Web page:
The Red Sox’s biggest question mark entering the season surrounded the pitching rotation. As the season progressed, however, the rotation became one of the Sox’s biggest strengths. Rick Porcello, often considered nothing more than a middle of the rotation starter, has pitched a potential Cy Young season, finishing with 22 wins on the year. David Price is the big money man, brought in to be the ace, may not have lived up to the expectations of years past, but is still a strong number two. The bullpen was a bit of a question mark during much of the season, but the Sox brought in Brad Ziegler from the Diamondbacks. Since about mid-August, the bullpen has stepped up and dominated competition, turning a concern into a strength as well.
The Red Sox have the pleasure of matching up against the Cleveland Indians in the NLDS, who will provide a difficult matchup for the Sox as the series progresses.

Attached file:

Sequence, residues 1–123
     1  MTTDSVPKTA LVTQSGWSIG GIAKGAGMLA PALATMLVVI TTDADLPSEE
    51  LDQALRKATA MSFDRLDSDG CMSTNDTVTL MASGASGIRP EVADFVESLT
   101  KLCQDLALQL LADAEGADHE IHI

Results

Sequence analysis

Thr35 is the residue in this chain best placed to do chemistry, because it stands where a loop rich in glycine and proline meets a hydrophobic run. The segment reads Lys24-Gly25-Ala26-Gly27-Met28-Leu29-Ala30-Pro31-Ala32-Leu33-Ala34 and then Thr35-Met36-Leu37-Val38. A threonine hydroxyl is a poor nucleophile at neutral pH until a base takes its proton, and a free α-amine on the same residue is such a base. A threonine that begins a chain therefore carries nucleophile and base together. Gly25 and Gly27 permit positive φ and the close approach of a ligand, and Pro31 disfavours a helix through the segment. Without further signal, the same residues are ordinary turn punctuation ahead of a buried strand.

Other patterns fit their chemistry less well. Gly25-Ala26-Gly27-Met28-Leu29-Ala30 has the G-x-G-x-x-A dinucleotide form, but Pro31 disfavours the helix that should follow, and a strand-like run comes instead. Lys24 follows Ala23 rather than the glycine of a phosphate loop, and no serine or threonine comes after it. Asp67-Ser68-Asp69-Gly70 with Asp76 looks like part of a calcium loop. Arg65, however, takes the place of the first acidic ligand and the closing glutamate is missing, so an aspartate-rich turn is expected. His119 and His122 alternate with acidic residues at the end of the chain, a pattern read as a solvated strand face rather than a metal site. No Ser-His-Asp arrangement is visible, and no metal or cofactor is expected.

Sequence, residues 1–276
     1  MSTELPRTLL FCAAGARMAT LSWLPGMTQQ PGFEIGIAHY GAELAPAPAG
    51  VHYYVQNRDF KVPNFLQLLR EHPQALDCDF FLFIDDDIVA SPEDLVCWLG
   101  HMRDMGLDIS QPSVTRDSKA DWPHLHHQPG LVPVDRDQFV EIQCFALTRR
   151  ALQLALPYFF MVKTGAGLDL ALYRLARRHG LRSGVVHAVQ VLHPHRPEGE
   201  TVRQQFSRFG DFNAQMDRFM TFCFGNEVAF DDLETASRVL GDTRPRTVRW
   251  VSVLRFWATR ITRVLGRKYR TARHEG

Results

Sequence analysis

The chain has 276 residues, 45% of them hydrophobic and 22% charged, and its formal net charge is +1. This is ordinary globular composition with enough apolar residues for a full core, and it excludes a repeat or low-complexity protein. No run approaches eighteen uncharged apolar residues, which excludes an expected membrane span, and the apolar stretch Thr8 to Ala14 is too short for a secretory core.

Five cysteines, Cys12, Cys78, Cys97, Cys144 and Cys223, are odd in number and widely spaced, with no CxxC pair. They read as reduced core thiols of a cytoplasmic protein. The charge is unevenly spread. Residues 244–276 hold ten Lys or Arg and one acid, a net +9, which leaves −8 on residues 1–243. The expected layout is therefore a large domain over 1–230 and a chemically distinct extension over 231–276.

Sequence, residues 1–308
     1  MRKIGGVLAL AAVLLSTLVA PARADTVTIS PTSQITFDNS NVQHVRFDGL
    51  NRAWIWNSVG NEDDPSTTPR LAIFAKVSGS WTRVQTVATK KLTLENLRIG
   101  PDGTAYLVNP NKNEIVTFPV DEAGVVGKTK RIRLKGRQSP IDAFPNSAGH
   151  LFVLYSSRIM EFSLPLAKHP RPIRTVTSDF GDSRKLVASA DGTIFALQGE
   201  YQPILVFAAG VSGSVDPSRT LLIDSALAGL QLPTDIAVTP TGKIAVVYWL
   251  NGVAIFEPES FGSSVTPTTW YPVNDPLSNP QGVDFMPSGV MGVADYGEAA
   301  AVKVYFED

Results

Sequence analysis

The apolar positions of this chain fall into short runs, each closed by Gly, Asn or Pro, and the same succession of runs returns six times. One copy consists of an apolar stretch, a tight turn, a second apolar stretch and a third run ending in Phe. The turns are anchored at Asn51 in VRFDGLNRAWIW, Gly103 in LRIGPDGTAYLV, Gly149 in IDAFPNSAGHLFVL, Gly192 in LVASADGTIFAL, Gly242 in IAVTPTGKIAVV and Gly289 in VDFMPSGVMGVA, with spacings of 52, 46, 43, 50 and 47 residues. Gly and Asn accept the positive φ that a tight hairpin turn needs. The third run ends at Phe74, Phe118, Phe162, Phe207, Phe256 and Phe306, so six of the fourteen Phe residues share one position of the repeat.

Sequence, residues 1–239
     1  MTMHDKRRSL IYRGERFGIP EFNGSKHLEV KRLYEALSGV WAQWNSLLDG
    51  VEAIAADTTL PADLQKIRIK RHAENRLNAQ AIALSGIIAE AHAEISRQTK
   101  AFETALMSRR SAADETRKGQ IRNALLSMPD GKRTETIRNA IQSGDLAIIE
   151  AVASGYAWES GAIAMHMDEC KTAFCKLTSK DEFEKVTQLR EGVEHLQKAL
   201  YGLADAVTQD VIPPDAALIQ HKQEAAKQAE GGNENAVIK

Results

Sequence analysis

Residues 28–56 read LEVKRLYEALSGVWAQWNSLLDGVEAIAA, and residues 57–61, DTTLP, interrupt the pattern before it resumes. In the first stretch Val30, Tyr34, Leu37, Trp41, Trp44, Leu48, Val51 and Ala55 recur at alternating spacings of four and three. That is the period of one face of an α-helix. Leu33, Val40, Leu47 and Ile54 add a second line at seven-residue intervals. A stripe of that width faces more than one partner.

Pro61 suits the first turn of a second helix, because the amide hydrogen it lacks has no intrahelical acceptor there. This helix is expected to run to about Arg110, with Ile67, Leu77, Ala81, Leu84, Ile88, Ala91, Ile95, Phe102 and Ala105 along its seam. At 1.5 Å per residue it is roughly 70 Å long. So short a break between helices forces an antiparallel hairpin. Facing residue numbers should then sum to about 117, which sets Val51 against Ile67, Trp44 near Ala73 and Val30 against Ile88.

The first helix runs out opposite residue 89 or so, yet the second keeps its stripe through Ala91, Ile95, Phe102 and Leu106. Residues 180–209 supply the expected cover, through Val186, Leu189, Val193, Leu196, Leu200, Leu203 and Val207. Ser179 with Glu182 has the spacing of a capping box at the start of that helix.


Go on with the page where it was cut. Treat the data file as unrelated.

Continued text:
Cleveland Indians (94-68)
The Indians came into a season as a favorite only if you were an Ohioan. The Kansas City Royals were coming off a World Series and the Detroit Tigers had seemingly upgraded their lineup by signing Justin Upton in the offseason. It was the Indians, however who ended up with the division crown on the back of one of the best young pitching rotations in the majors (maybe even better than the New York Mets’ young staff).